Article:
MRO Helps Trim Odds Of Asteroid Impact
PASADENA, Calif. January 15, 2013 – NASA scientists at the Jet Propulsion Laboratory in Pasadena, Calif., effectively have ruled out the possibility the asteroid Apophis will impact Earth during a close flyby in 2036.
The Magdalena Ridge Observatory is one of three telescopes that provided critical data on Apophis’ orbit. Coupled with observations from Hawaii, the NASA scientists can now accurately pinpoint the location of Apophis in future encounters. Due to differences in orbit, Apophis and Earth cross paths about every seven years.
Dr. Eileen Ryan of the Magdalena Ridge Observatory.
An image of Apophis captured by the MRO.
Discovered in 2004, the 270-meter asteroid gathered the immediate attention of space scientists and the media when initial calculations of its orbit indicated a 1-in-40 possibility of an Earth impact during a close flyby in 2029. Data discovered during a search of old astronomical images provided the additional information required to rule out the 2029 impact scenario, but a remote possibility of an impact in 2036 remained - until last week.
NASA project manager Don Yeomans credited New Mexico Tech in an official press release.
"With the new data provided by the Magdalena Ridge Observatory [New Mexico Institute of Mining and Technology] and the Pan-STARRS [Univ. of Hawaii] optical observatories, along with very recent data provided by the Goldstone Solar System Radar, we have effectively ruled out the possibility of an Earth impact by Apophis in 2036," said Yeomans, who is the manager of NASA's Near-Earth Object Program Office at JPL. "The impact odds as they stand now are less than one in a million, which makes us comfortable saying we can effectively rule out an Earth impact in 2036. Our interest in asteroid Apophis will essentially be for its scientific interest for the foreseeable future."
NASA detects and tracks asteroids and comets passing close to Earth using both ground and space-based telescopes. The Near-Earth Object Observations Program, commonly called "Spaceguard," discovers these objects, characterizes a subset of them and plots their orbits to determine if any could be potentially hazardous to our planet.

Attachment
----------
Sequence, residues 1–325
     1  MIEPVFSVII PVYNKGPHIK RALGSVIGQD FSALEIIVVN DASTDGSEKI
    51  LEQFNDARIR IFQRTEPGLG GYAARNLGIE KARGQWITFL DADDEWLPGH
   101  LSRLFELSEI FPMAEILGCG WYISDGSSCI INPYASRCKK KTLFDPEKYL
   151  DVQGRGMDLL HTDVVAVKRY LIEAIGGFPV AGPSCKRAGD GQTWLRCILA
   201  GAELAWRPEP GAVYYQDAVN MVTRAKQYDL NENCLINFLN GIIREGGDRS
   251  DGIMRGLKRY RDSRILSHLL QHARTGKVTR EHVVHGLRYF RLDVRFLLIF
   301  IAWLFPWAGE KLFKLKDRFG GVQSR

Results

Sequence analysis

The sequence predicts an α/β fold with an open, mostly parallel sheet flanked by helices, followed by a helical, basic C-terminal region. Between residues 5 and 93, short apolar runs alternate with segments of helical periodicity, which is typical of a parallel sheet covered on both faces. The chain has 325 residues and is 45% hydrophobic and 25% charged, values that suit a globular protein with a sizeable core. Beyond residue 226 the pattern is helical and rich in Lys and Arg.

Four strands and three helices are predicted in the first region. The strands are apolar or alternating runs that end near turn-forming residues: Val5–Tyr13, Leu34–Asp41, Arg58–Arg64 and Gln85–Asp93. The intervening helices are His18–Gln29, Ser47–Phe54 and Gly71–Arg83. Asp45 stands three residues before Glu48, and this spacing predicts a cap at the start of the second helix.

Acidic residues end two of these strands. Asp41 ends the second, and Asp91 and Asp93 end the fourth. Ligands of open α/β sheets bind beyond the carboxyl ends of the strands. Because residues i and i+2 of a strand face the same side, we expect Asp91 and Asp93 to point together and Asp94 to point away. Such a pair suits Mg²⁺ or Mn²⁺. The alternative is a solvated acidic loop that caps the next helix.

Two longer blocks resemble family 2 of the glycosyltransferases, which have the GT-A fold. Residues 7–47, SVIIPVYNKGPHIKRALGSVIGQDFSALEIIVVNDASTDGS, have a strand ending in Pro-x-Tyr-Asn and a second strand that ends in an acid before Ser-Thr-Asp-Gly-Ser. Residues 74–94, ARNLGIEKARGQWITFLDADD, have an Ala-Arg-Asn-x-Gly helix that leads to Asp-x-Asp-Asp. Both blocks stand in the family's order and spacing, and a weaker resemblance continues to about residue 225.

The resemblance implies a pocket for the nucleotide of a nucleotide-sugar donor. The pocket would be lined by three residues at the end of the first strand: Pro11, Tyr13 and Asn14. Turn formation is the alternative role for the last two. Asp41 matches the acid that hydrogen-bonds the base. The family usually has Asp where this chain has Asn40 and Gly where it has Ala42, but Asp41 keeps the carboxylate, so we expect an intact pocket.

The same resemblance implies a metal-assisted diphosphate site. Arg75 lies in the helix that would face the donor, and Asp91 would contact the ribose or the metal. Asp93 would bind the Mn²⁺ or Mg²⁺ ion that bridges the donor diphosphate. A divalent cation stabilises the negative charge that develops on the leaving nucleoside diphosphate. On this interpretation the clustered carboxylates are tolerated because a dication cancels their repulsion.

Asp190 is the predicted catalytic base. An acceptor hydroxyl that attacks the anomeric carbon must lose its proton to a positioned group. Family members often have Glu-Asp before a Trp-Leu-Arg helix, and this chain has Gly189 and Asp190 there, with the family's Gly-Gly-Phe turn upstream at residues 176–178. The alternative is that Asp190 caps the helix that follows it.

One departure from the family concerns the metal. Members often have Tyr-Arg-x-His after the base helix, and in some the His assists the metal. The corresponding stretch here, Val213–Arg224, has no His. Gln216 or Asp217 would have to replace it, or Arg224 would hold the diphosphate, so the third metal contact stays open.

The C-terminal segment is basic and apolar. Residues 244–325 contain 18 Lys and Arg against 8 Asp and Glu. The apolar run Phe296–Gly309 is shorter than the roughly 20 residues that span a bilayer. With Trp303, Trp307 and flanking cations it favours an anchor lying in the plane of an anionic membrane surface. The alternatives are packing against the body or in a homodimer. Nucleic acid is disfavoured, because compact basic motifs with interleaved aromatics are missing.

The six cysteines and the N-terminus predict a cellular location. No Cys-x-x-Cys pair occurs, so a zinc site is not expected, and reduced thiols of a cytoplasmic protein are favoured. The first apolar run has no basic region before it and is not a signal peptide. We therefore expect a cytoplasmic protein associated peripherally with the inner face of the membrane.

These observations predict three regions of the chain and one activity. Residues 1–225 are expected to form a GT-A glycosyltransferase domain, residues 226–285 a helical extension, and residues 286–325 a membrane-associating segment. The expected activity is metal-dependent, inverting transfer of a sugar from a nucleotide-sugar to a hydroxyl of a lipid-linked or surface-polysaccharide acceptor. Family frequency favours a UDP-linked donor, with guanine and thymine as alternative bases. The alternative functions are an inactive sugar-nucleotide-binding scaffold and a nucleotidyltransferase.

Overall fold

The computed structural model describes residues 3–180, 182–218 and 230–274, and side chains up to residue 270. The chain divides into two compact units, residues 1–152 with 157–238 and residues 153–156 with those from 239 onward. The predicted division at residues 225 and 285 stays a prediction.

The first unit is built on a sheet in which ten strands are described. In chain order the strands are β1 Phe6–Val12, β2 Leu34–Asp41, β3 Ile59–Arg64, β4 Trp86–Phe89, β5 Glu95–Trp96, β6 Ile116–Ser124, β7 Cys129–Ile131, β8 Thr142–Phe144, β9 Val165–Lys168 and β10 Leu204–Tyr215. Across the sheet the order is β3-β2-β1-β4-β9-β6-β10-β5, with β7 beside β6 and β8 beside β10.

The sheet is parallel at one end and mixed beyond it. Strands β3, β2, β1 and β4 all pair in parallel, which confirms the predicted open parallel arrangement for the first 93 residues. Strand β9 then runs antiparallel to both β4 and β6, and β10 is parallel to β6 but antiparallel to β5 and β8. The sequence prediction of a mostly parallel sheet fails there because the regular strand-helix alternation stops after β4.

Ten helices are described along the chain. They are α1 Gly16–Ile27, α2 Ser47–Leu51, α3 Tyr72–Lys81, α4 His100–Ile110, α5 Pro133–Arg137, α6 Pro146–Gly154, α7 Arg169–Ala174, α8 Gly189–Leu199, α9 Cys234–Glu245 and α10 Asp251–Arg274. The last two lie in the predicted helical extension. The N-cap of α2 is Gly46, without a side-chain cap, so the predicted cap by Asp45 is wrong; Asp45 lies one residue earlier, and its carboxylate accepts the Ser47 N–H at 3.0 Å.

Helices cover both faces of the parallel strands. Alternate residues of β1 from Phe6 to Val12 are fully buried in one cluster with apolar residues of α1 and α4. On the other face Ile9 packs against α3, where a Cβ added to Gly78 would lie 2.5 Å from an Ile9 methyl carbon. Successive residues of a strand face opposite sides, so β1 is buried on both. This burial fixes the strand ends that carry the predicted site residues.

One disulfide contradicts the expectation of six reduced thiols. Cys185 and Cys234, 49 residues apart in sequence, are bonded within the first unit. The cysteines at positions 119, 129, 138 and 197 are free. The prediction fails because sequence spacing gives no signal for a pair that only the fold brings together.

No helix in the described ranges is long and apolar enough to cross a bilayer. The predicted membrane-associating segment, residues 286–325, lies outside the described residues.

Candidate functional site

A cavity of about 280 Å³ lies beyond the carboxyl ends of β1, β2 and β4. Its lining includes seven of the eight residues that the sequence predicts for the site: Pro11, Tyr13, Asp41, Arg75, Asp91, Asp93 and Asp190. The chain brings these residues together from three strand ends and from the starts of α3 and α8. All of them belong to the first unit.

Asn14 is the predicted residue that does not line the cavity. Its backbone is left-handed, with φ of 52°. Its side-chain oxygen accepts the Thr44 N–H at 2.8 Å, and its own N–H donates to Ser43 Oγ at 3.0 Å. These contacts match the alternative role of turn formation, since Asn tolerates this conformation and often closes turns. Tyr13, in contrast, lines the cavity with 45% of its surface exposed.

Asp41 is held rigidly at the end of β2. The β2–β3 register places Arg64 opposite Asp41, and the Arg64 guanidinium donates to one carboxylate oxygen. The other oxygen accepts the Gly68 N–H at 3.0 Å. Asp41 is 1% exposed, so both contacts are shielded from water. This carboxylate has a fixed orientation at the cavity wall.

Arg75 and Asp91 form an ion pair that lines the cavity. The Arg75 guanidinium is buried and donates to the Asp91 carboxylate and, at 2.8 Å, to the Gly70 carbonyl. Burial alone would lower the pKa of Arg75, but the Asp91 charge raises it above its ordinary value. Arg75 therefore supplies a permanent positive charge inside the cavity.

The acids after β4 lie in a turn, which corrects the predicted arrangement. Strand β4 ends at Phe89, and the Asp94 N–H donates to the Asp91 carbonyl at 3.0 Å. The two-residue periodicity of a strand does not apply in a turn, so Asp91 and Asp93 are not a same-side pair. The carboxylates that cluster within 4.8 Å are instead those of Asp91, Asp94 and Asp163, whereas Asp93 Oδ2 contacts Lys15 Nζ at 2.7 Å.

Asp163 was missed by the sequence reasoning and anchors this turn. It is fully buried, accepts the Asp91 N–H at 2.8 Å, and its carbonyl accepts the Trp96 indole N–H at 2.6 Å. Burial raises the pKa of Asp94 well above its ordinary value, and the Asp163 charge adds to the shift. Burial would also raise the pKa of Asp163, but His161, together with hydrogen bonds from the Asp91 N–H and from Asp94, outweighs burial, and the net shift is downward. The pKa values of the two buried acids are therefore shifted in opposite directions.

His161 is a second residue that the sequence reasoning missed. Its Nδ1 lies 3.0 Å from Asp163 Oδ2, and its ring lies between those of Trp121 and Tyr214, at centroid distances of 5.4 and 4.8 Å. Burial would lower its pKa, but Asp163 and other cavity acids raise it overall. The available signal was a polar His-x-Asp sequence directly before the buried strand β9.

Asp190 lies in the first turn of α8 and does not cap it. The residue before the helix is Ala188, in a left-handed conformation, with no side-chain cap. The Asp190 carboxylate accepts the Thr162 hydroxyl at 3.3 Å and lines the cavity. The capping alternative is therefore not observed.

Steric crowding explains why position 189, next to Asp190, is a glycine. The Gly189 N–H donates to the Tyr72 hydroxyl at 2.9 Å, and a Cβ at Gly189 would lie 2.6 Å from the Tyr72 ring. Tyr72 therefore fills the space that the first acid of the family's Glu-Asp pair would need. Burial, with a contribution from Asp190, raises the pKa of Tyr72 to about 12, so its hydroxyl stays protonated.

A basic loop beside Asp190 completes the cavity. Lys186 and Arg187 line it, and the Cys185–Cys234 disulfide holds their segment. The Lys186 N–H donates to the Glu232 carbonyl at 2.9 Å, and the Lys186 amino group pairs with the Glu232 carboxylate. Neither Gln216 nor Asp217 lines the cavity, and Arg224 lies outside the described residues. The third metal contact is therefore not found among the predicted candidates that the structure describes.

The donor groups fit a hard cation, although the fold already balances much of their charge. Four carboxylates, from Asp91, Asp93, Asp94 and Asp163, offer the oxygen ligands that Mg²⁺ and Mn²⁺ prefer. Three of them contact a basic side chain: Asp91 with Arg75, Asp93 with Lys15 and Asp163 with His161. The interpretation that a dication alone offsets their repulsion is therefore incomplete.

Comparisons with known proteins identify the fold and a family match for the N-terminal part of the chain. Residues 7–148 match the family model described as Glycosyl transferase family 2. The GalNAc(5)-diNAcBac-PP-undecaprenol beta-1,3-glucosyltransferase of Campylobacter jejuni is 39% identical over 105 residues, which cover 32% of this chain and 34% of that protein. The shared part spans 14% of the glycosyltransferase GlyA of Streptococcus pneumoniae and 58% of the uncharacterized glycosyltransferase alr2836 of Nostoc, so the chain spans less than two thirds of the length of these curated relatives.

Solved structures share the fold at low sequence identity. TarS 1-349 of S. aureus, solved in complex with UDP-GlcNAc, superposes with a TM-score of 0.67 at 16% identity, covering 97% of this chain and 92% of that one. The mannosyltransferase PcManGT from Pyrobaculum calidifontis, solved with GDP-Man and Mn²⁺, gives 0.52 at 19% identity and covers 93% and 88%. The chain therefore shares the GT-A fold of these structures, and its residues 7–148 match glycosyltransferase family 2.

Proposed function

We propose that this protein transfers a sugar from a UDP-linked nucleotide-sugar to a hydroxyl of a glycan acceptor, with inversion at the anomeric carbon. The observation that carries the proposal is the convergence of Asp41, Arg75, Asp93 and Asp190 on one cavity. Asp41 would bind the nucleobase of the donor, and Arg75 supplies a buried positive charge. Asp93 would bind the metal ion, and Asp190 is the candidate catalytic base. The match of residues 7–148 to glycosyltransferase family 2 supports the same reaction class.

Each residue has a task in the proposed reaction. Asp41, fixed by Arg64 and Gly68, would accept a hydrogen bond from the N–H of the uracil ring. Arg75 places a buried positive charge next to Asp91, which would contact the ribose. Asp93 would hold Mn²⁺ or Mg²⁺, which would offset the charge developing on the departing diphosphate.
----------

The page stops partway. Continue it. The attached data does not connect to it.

New Mexico Tech is one of six members of Spaceguard. Three telescopes are tasked by NASA to discover new asteroids. Tech’s 2.4-meter telescope at the Magdalena Ridge Observatory is one of the three funded telescopes that characterizes the newly-found asteroids.
“We’re honored to be one of the NASA-supported telescopes that is continually surveying the night sky,” Eileen Ryan said. “We are six observatories working together synergistically. It’s a small group and working together is fun and rewarding.”
The April 13, 2029, flyby of asteroid Apophis will be one for the record books. On that date, Apophis will become the closest flyby of an asteroid of its size when it comes no closer than 19, 400 miles (31,300 kilometers) above Earth's surface.
"But much sooner, a closer approach by a lesser-known asteroid is going to occur in the middle of next month when a 40-meter-sized asteroid, 2012 DA14, flies safely past Earth's surface at about 17,200 miles," said Yeomans. "With new telescopes coming online, the upgrade of existing telescopes and the continued refinement of our orbital determination process, there's never a dull moment working on near-Earth objects."
The Near-Earth Object Program Office at JPL manages the technical and scientific activities for NASA's Near-Earth Object Program of the Science Mission Directorate in Washington. JPL is a division of the California Institute of Technology in Pasadena.
For more information about asteroids and near-Earth objects, visit: http://www.jpl.nasa.gov/asteroidwatch Updates about near-Earth objects are also available by following AsteroidWatch on Twitter at http://www.twitter.com/asteroidwatch .
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By Thomas Guengerich/New Mexico Tech